Vietnamese exports to Africa have faced price-related challenges as they have to compete with other African nations in terms of import tax, given the fact there is no free trade agreement or preferential trade agreement between Vietnam and regional countries.
According to the Vietnamese Commercial Affairs Office in South Africa, 44 African nations officially sealed a Continental Free Trade Area (CFTA) agreement during the tenth extraordinary session of the African Union (AU) in Kigali, Rwanda, last March.
The deal will come into force within 180 days after at least 22 countries approve it. The agreement has given birth to the world’s largest free trade area in terms of the number of participating countries since the formation of the World Trade Organisation in 1948. It can create a single market with a population of 1.2 billion and GDP of 2.5 trillion USD.
Under the pact, the signatories committed to remove tariffs on more than 90 percent of goods. The agreement will address seven priority areas related to trade: policy, infrastructure, finance, information, market integration, productivity increase and trade facilitation.
Experts said the deal is expected to drive up intra-Africa trade by about 52 percent by 2022, as compared with 2010. The exchange of industrial products is also projected to expand by 53 percent. The Vietnamese office said the CFTA helps cut commercial costs and enable African consumers to access diverse products with lower prices.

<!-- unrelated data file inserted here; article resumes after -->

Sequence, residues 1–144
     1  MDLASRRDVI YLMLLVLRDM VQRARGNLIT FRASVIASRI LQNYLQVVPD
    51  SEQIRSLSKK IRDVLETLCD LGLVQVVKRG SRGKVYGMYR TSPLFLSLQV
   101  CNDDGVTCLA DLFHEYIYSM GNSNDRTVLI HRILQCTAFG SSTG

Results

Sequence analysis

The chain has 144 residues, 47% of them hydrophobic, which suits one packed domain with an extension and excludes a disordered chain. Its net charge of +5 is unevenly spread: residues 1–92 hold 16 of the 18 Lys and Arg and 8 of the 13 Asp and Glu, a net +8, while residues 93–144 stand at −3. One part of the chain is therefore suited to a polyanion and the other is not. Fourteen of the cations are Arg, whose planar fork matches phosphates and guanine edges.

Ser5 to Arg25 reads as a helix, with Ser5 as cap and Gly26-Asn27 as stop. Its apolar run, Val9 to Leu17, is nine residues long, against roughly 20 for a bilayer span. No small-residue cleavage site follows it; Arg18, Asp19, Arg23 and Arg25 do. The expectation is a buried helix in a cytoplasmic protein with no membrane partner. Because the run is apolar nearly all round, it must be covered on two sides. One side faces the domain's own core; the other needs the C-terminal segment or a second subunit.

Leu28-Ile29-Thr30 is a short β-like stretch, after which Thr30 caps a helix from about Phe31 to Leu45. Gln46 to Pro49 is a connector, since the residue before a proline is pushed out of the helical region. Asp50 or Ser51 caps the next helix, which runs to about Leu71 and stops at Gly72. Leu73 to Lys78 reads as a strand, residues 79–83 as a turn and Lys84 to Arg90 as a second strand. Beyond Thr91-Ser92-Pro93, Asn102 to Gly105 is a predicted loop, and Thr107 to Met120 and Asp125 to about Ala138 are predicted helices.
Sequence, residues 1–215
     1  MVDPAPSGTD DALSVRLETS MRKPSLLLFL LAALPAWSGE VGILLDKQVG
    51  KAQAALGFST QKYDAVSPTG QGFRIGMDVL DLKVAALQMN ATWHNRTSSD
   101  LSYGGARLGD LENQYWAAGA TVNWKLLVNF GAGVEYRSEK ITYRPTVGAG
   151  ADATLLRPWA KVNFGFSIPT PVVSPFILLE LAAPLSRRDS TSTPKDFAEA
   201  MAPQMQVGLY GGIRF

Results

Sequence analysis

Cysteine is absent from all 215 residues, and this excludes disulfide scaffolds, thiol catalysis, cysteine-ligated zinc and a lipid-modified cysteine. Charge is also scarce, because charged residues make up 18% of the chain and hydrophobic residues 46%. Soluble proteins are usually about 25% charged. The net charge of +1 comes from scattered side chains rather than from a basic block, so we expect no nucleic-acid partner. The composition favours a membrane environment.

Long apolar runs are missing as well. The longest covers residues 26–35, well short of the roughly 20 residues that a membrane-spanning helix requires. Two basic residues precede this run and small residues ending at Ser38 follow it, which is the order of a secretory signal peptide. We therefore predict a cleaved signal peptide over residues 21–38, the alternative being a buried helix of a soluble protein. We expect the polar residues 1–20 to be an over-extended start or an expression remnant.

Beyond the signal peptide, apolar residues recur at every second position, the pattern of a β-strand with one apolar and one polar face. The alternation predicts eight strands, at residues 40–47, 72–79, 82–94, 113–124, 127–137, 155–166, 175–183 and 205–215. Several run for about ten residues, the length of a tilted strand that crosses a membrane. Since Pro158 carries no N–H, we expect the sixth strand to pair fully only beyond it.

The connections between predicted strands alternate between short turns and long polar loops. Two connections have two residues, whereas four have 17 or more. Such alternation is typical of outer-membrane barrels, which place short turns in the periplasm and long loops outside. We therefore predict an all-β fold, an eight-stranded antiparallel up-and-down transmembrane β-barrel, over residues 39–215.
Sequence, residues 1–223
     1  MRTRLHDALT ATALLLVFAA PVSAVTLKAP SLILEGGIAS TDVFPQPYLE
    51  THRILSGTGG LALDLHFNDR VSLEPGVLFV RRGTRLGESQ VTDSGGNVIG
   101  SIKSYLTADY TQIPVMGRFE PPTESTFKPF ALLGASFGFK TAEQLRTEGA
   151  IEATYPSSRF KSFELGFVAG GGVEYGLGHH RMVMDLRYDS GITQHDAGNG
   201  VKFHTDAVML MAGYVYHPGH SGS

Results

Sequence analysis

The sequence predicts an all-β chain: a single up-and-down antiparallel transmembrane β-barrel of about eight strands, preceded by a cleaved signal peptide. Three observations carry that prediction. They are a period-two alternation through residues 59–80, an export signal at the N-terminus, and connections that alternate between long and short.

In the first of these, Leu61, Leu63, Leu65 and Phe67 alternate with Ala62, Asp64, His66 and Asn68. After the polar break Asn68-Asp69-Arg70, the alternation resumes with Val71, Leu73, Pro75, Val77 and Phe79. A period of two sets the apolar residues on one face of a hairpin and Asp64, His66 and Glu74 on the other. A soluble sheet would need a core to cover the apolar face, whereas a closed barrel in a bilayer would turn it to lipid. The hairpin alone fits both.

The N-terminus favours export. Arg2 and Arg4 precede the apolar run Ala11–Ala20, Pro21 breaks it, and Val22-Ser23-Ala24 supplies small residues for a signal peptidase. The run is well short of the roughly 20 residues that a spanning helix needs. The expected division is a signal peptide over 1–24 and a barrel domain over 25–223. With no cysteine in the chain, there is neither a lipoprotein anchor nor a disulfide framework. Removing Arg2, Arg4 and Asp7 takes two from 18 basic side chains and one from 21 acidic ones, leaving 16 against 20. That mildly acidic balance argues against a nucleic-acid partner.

Lower costs of production materials exchanged between CFTA member countries would raise competitiveness of local producers and help create regional value chains, the office said.
Pointing out price challenges for Vietnamese exports to Africa, the office suggested Vietnamese businesses make use of benefits brought about by the pact, which will turn Africa into a busier and more promising area for commercial activities.
Hoang Oanh, head of the Department of Asia-Africa Markets under the Ministry of Industry and Trade, said Vietnamese firms should pay more attention to markets like Algeria, Egypt, South Africa and Angola, and products like rice, coffee, pepper, seafood, household electric products, garments-textiles and machines for agriculture and garment-textile. With a 1.2 billion population, the region’s demand for rice is expected to sharply increase, she said, explaining that rice production costs more than imports in African countries as they have to invest much in irrigation.
Besides, they have met difficulties in ensuring food security since the regional population is growing faster than the pace of agricultural production. Additionally, the number of mobile phone subscribers in Africa increases the fastest in the world, she said, describing this as a great opportunity for Vietnamese telecommunications firms.